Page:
From the post make-up era, KISS kicked out “Lick it Up” with a mid-song instrumental refrain from The Who’s “Baba O’Reilly”. Lasers lit the arena during this track while a center stage section rose about 10 feet or so into the air with Tommy and Paul on it, and the drum-kit also rose 20-some feet into the air. Stanley, as he has done for years now, then rode a cable and stir-up across the crowd out to a circular mini-stage behind the soundboard to perform “Lovegun”. Paul strutted and pranced as the stage rotated in circles allowing him to see the fans in the upper seats and the back of the arena. He then began the intro to “Black Diamond” and rode back to the stage while the band cranked up the full song. Drummer Eric Singer took vocals on this one after Paul’s intro. In a melee of pyro, lasers, flashing lights and explosions, and Singer’s drums once again in the air, the band brought the set to a close.
Of course the show did not end there. It never does with KISS. The band returned to the stage after a brief interlude for their encores. They came forward to take their bow, before playing a guitar-driven performance of the ballad “Beth” with Eric on vocals. Paul then talked to the crowd about the Freedom to Rock tour and honoring the men and women of the military as well as their families. He brought local military color guards on stage and asked the crowd to recite the Pledge of Allegiance with them. The band then did an instrumental version of “The Star-Spangled Banner”.
Everything came to a raucous close as KISS performed their monster classic, “Rock and Roll All Nite”. This became the kitchen sink performance of the night visually: Confetti cannons and smoke funnels, lasers and rolling lights, firework pinwheels and explosions, fire balls and paper streamers. Tommy and Gene were lifted from the stage on risers that crossed out over the crowd. Eric and his kit once again rose into the rafters. Paul, still on stage, went through his trademark guitar smashing scene. One could barely see the stage through all the confetti and streamers. Bombast and excess: No one has ever done it better than KISS, try as they might. If you were there, you know. If you’ve ever seen KISS live, you know. They remain the masters of the arena, and Boise got the first KISS of the new tour Thursday night.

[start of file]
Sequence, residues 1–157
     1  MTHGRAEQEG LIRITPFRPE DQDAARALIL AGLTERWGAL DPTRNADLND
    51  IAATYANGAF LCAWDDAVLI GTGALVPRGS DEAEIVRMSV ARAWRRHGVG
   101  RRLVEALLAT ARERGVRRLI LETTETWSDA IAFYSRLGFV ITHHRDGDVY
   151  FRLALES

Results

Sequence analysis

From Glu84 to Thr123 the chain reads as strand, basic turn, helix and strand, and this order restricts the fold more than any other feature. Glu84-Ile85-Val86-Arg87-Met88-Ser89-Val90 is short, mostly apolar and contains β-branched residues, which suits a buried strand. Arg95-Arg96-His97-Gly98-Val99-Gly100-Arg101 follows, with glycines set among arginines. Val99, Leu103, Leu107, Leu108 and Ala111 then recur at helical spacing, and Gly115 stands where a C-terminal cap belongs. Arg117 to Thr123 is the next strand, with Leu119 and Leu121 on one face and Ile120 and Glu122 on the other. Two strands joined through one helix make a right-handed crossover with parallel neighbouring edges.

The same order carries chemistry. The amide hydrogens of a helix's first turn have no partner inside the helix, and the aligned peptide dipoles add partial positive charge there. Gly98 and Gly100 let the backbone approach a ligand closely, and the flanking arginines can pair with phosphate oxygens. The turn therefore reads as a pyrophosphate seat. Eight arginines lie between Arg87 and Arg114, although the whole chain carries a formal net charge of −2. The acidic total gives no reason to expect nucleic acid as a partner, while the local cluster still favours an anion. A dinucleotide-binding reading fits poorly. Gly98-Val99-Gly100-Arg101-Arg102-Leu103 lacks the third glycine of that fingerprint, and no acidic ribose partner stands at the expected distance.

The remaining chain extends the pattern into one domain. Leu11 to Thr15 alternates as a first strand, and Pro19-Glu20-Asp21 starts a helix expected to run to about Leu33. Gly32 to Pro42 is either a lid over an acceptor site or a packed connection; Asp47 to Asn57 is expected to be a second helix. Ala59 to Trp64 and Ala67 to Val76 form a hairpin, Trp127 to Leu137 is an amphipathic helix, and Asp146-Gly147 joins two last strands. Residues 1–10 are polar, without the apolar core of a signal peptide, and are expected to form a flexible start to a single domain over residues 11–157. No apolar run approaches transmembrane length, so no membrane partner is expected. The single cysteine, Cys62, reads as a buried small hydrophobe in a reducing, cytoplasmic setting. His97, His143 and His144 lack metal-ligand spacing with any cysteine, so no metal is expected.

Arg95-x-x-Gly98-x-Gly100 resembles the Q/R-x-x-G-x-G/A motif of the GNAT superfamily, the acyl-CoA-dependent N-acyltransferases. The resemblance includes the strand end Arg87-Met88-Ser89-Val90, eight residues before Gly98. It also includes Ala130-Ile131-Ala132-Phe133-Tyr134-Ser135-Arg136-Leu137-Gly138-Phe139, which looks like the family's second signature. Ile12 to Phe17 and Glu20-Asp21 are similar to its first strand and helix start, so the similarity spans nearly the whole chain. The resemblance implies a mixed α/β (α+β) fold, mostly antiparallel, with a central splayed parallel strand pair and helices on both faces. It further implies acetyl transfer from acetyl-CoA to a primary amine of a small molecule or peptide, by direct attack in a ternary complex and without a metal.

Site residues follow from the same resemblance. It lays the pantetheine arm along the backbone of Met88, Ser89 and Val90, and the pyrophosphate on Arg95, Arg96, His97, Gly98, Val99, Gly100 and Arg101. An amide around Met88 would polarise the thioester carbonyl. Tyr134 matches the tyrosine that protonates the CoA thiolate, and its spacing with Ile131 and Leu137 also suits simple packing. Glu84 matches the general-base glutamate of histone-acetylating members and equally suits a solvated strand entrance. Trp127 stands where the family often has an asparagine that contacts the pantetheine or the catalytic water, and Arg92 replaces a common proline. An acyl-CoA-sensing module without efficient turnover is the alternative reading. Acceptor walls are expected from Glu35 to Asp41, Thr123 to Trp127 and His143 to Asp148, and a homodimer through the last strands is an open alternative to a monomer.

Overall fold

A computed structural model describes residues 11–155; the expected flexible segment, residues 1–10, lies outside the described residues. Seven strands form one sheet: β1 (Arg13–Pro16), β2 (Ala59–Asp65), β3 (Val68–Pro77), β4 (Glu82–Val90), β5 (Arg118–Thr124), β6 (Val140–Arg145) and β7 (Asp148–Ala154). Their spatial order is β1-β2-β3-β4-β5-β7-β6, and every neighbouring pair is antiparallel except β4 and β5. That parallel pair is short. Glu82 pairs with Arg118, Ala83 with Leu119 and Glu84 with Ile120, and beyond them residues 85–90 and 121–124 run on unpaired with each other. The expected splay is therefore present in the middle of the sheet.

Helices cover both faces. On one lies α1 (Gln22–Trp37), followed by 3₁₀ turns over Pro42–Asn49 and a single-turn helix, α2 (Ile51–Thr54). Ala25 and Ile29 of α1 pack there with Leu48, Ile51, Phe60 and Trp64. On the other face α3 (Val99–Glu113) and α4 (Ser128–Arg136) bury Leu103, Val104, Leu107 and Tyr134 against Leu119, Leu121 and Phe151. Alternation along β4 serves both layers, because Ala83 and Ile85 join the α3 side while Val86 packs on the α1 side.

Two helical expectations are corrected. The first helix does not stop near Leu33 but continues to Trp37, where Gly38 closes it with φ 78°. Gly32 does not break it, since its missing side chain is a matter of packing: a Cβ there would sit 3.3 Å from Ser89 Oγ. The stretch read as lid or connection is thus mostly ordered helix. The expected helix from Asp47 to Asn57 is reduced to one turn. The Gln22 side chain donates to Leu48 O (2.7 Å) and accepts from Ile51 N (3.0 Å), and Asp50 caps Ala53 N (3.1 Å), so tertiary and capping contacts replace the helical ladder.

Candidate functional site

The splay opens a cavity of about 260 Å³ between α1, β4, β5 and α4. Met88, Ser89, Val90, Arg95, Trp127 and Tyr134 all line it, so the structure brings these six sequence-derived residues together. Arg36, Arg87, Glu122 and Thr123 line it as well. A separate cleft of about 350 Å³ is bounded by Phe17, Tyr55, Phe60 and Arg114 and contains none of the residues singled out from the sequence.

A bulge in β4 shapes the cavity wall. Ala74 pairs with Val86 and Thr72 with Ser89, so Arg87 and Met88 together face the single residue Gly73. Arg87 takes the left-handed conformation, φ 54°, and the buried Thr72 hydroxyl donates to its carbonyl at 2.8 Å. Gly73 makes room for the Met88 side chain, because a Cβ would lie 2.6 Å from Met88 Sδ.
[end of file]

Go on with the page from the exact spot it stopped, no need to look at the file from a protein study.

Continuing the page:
Quick rant: Other than the typical nuisances of far too many fans watching far too much of the show through the lenses of their cellphones, Thursday night’s show had only one glaring drawback, and that came in the form of Caleb Johnson. The American Idol Season 13 winner somehow got tapped as the opening act for the first month of the tour (The Dead Daisies thankfully take over in August). Johnson is a fine young performer, and last night he and his band did a respectable job, but one could argue that a slot on such a large tour for an artist that hasn’t even released an album would have been better suited to a band more compatible with the headliner and more promising than another Idol forget-me-not. The fact that he received almost an hour to perform and had to fill with cover songs is further proof the slot should have gone to a different act. I believe those bands like KISS, Judas Priest, and others who can still command arena audiences owe it to fans and other talented bands to be more discerning when choosing opening acts. Rant over.
The Hottest Band in the World remains en fuego!